Gabby Douglas

Gabby Douglas explains move to California from Iowa

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NEW YORK — Olympic all-around champion Gabby Douglas is training in California, without a coach yet, and her plan is still to return to competition at the 2014 U.S. Championships.

In August, Douglas left Iowa and the coach who guided her to double Olympic gold, Liang Chow, to join her family in California. Douglas, a Virginia native, had been living with a host family in Iowa.

“I went to the gym and said goodbye to everyone,” Douglas said at the Right To Play Gymnastics Festival on Sunday. “It was a really sad moment for me because I love that gym, and it’s a really great program. Some part of me wanted to be connected with my family because I hadn’t been with them in a very long time. So it was a bittersweet moment.”

She had resumed training with Chow in his West Des Moines gym in May after a post-Olympic break.

“She was a little upset,” Chow’s wife, Liwen Zhuang, told the Des Moines Register about Douglas’ goodbye at the gym. “I guess that’s a family decision for her.”

Liwen was caught “off-guard somewhat,” according to the newspaper.

“We were not really sure for a long time, because we heard from other people first,” she said. “Nothing was really confirmed. We didn’t really know for sure. We heard some rumors.

“It’s kind of awkward.”

Douglas said she still emails and texts with her former coach Chow.

“It was really tough for the both of us,” she said.

Douglas has already done interviews in California, including with Entertainment Tonight. She was a judge on the “So You Think You Can Dance” season finale Sept. 3.

Asked about her next coach, she said she was “still figuring it all out.”

“A lot of decisions,” she said. “But a good thing is I’m training. … Any coach is definitely a possibility out in L.A.”

Douglas became the first U.S. woman to win both team and individual all-around Olympic gold last year, in addition to being the first African-American woman to win the all-around.

Two members of the Fierce Five are expected to be named to the World Championships team this week — McKayla Maroney and Kyla Ross. The other two, Jordyn Wieber and Aly Raisman, did not compete this year.

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WATCH LIVE: London Marathon

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Watch the world’s best distance runners chase world records at the London Marathon, live on NBCSN and commercial free on the NBC Sports Gold “Track and Field Pass” for subscribers on Sunday at 3:30 a.m. ET.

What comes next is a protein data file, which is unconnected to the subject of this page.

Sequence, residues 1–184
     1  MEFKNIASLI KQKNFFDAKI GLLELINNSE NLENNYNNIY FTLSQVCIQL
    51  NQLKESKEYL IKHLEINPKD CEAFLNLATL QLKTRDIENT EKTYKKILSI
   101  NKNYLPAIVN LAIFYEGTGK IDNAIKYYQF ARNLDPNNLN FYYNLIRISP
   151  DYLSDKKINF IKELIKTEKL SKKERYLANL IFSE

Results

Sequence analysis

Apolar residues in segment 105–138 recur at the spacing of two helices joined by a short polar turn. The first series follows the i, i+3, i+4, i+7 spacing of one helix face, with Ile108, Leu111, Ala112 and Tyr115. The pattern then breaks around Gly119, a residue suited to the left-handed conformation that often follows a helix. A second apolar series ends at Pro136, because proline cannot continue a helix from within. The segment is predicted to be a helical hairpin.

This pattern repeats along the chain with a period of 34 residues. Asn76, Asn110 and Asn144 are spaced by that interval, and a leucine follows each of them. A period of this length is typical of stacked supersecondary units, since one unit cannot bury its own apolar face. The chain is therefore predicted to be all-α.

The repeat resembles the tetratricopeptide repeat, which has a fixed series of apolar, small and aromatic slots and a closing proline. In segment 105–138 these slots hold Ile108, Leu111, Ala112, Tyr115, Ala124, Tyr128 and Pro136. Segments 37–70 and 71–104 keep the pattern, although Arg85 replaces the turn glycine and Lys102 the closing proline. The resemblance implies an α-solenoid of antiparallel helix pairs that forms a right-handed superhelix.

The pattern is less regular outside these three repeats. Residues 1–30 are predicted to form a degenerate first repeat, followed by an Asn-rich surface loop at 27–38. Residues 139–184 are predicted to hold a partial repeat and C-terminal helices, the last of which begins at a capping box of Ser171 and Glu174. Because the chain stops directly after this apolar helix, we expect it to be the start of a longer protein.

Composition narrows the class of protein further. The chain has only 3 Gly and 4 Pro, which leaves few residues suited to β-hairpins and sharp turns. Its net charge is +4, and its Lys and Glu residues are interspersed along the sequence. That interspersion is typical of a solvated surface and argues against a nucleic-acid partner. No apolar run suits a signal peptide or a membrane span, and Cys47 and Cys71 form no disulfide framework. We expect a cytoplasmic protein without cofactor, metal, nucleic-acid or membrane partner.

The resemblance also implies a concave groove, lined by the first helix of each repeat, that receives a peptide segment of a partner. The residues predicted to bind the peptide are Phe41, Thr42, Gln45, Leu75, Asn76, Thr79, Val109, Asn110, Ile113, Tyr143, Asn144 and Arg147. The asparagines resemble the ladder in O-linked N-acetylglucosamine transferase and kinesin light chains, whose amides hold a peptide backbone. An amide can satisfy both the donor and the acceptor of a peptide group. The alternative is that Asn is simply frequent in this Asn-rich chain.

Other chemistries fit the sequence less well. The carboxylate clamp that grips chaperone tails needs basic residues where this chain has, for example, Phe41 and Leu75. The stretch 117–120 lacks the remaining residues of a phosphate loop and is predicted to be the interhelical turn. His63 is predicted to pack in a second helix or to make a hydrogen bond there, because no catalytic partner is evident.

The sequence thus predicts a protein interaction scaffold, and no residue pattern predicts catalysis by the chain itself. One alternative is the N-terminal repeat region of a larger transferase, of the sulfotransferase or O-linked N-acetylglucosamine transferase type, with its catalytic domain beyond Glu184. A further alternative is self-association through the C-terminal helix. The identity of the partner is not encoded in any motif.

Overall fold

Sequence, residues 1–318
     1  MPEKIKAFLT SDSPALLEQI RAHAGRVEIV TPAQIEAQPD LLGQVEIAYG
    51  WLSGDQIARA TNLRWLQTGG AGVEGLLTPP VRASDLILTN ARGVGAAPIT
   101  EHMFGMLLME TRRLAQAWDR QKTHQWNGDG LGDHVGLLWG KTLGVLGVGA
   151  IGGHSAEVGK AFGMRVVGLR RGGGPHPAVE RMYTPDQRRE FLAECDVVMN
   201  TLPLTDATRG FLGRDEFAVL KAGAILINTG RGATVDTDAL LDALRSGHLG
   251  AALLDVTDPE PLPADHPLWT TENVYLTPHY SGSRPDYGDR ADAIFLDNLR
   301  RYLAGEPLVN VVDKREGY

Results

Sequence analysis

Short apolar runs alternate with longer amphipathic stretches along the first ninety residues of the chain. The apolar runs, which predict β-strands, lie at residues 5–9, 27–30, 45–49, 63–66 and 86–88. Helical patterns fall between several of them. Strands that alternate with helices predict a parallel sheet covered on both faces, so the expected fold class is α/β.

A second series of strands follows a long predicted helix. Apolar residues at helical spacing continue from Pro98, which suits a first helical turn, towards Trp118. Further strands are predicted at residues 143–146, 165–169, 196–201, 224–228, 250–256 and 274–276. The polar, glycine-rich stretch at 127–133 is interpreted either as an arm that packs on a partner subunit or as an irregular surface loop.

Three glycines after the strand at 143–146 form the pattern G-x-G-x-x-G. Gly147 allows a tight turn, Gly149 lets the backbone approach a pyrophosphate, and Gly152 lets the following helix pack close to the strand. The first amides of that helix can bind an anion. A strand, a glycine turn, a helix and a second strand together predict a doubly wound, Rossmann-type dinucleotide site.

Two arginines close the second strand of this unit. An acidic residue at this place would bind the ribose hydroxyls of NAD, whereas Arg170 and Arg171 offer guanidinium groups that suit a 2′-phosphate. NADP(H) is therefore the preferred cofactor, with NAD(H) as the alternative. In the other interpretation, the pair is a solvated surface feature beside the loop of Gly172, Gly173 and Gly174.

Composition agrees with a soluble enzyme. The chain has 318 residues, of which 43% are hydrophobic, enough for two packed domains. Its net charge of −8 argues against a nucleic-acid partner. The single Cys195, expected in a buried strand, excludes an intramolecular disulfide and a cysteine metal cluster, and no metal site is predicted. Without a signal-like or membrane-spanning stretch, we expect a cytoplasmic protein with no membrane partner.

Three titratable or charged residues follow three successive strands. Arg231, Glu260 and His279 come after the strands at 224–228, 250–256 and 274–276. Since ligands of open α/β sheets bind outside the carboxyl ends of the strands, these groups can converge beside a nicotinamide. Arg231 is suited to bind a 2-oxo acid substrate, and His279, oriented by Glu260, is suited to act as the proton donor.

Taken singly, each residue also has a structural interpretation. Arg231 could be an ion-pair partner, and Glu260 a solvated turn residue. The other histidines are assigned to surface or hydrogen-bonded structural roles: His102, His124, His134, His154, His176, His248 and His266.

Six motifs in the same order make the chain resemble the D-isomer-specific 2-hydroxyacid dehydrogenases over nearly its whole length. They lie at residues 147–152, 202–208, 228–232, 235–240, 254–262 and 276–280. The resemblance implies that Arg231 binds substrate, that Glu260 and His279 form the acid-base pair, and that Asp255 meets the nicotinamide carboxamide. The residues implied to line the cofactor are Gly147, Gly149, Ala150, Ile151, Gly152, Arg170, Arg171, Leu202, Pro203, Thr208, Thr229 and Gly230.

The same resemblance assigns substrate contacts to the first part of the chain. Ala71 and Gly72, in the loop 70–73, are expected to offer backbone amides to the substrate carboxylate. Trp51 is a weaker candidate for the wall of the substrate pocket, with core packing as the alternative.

NBCSN coverage also streams on NBCSports.com/live and the NBC Sports app for subscribers.

WATCH LIVE: London Marathon
NBCSN coverage — STREAM LINK
NBC Sports Gold commercial free — STREAM LINK

Sunday’s race start times (ET)
3:55 – Elite Wheelchair Races
4:00 – World Para Athletics Marathon World Cup ambulant races
4:15 – Elite Women’s Race
5:00 – Elite Men’s Race, Mass Race

The men’s field features arguably the two greatest distance runners of all time — Kenyan Eliud Kipchoge and Ethiopian Kenenisa Bekele.

Kipchoge, the Rio Olympic marathon champ, ran the fastest marathon ever recorded — 2:00:25 in Nike’s sub-two-hour attempt last May in non-record-eligible conditions.

Bekele is the second-fastest marathoner in history under legal conditions, having run six seconds shy of Kenyan Dennis Kimetto‘s world record of 2:02:57 from 2014.

In the women’s race, Kenyan Mary Keitany, already the world-record holder in a women’s-only race, looks to take down Brit Paula Radcliffe‘s world record with male pacers set in London 15 years ago. That time is 2:15:25.

Keitany is challenged by Ethiopian Tirunesh Dibaba, the third-fastest female marathoner in history behind Keitany and Radcliffe.

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Teddy Riner, dominant judoka, to skip 2018, 2019 Worlds

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French judoka Teddy Riner, arguably the world’s most dominant athlete, will reportedly skip the next two world championships before the 2020 Tokyo Olympics.

French coach Franck Chambily said Riner will compete a light international schedule the next two years ahead of what would be his fourth Olympics, according to Agence France-Presse.

Riner, a 29-year-old, 6-foot-8-inch native of Guadeloupe, is undefeated since 2010 with a reported 144-match winning streak. That includes Olympic titles in 2012 and 2016 and world titles in 2011, 2013, 2014, 2015 and 2017.

Before the streak, Riner also earned world titles in 2007, 2009 and 2010, plus an Olympic bronze at age 19 in 2008.

He could compete through the 2024 Paris Games.

“When I am invincible, I will stop,” Riner said in 2013, according to The Associated Press.

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